What you eat influences the way it should be properly eaten. For example, when served appetizers with sauces, spoon a portion of sauce onto your plate and don't just dip your food into the main bowl. If there are no plates, it is okay to dip your food into the main bowl but refrain from "double dipping". Use the small fork, farthest from your plate or on the serving plate, for seafood cocktail. A teaspoon is used for fruit cocktail. Once you are finished, place the fork or spoon onto the plate before it is taken from the table. Once appetizers are finished you are typically served bread and butter. Using the butter knife or small serving fork, take a reasonable amount of butter and place it on your bread-and-butter plate. Before eating or buttering the bread, break it into smaller pieces. Next, soup would be served. Soup is often hard to eat tidily and quietly. Use your thumb and forefinger to hold the spoon, similarly the same way you would hold a fork. When dipping the spoon into the bowl, move the spoon's outside edge away from you. If it is too hot, you can either wait for it to cool or carefully fan it with your spoon. Sip quietly from the side of the spoon, not the tip. When eating anything, do not bend your head down to the bowl and instead, raise the utensil to your mouth. Also make sure that your "eating hand" does not touch the table during the meal. Salad is usually served after soup and is eaten with the dinner fork (if served with the main course) or with a salad fork (if served separately). The salad fork is located on the far left of your main course plate. If eating salad after the main course, you would be provided with fork later. If you come cross large pieces of salad, you can either cut or roll them up one at a time using your knife and fork. If finished, place the cutlery on the salad plate with the fork (tines facing down) beside the knife in the "five o'clock position". Then you would be served the main course.
When eating your entrée, you would usually eat using the "Continental Style". If right-handed, hold your knife with your right hand and your fork with your left hand. If you are left-handed, then the opposite would apply. Remember, it is considered impolite to cut all your food at once. To prevent food from falling off the plate, hold the fork closely to the knife. Ensure that food is cut (do not tear) into pieces that would fit nicely in your mouth. Consider other people's personal space and keep your elbows to yourself, especially when cutting food. Take small bites and eat slowly with your mouth closed; never talk with food in your mouth. Spaghetti is hard to eat politely but to do so, gather a few strands of spaghetti with your fork. Wrap the strands around the fork tines, while holding the points against a large spoon, to form a ball that can neatly and quietly be placed in your mouth. If you are having trouble getting food onto your fork, use the tip of your knife to push the food onto the fork. Swallow the food in your mouth before taking a sip of beverage. Do not drink a beverage directly from a bottle or can and do not bring one to the table. If drinking a beverage from a container, pour it into a glass and drink from the glass without slurping. Never prop your knife and fork on the sides of the plate or place the knife between the fork's tines. If in the middle of eating, place the knife and fork crossed on the place. If finished, place fork (tines facing down) beside the knife in the "five o'clock position". Do not move your plate, unless asked to. Lastly, dessert will be served. The dessert spoon or fork may be provided at the end or may be the only utensil left at your place (unless there is also a beverage spoon). Just because the meal is done, doesn't mean you are done with manners.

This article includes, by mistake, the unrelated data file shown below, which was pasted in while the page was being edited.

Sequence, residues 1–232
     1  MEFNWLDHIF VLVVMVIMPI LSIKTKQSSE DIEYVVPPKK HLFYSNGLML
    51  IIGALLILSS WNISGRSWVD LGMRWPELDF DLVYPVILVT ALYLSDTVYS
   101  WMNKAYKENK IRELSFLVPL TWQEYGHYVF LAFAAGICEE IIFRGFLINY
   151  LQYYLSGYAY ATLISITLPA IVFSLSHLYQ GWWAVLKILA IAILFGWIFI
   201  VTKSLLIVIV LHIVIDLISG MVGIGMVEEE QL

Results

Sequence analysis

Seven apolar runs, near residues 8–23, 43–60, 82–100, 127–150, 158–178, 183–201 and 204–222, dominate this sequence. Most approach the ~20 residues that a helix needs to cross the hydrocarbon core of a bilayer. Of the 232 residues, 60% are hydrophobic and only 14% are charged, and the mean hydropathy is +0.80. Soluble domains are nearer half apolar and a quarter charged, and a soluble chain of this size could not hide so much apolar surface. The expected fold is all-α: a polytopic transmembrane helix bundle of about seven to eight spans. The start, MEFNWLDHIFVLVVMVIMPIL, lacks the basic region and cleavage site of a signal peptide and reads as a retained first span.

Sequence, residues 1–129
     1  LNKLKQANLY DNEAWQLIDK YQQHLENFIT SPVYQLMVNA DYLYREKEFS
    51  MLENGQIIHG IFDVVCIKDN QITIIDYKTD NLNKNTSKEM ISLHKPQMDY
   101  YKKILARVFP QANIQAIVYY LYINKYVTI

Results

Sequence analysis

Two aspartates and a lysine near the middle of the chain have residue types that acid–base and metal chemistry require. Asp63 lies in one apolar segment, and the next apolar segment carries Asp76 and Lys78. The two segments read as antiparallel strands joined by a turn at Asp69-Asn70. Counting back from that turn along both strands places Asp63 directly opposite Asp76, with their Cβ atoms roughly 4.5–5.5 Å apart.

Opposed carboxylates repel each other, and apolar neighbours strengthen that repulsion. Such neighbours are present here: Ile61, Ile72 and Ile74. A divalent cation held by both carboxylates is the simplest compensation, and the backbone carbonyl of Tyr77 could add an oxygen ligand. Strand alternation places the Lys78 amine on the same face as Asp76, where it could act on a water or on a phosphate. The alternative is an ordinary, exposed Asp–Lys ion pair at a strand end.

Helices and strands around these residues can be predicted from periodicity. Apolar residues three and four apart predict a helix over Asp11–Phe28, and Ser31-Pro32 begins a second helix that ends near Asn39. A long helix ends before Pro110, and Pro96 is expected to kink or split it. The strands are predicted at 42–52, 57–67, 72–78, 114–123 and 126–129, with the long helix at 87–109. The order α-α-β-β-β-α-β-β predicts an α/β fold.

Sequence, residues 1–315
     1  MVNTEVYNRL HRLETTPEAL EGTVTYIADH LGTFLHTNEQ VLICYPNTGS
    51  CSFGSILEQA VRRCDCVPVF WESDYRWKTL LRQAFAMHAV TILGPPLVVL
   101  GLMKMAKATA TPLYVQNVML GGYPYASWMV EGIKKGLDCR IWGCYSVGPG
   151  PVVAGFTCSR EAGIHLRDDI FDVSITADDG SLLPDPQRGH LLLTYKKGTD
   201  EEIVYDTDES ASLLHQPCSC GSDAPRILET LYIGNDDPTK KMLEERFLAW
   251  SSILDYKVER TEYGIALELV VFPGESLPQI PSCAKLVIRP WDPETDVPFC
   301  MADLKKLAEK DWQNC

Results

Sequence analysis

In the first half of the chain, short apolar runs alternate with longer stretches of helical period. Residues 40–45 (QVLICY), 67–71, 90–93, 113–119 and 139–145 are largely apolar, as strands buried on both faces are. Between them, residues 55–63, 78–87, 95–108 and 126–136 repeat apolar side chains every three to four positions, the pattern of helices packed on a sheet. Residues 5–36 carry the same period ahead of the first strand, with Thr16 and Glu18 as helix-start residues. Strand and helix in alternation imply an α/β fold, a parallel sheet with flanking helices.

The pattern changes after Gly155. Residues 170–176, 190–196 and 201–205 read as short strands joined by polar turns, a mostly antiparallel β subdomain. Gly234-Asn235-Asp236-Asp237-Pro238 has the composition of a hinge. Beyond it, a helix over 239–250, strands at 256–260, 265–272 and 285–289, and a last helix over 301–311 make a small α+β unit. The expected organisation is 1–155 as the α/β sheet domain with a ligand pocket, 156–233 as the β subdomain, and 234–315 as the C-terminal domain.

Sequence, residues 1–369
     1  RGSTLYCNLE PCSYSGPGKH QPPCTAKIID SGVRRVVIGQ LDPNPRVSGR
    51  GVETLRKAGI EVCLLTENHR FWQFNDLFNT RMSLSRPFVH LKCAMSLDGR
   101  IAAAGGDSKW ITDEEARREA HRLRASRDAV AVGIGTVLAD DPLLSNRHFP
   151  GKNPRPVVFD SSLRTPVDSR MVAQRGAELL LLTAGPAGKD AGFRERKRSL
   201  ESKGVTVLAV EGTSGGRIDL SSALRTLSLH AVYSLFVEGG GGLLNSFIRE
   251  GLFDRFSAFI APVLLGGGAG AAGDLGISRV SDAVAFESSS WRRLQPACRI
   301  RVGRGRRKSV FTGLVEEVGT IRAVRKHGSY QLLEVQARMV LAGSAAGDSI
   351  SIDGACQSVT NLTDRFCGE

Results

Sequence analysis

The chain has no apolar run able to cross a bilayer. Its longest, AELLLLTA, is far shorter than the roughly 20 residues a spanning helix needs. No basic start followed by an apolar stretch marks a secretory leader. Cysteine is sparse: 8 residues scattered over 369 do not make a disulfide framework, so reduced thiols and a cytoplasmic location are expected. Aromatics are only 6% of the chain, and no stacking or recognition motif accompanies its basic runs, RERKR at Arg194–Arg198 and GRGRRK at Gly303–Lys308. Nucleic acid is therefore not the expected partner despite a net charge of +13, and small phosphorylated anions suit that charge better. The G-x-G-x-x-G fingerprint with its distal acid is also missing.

At the end of the meal, if a finger bowl is offered, dip one hand at a time, swish gently and dry on napkin. Do not comb your hair or apply make-up at the table. Wait until the manager places their napkin on the table or asks if people would like to leave the table, signaling the end of the meal. Never get up until the manager rises. On the left side of your plate, lay your napkin loosely before leaving. Thank the manager through a polite gesture such as a telephone call or a note.
Table manners are like any other skills and require practice. A great way to practice is to go out with your friends and perform these skills. After practice, manners will be like an instinct and you would be able to run through the meal as if it were a common routine. Also you would be able to casually converse without having to worry about whether you are being polite. Learning proper table manners allows you to be comfortable and be ready in any situation. If you are not sure, follow the manager and others. Always be alert for any changes and be ready to adapt to these changes. Good luck and hopefully you'll impress your future co-workers with your table manners!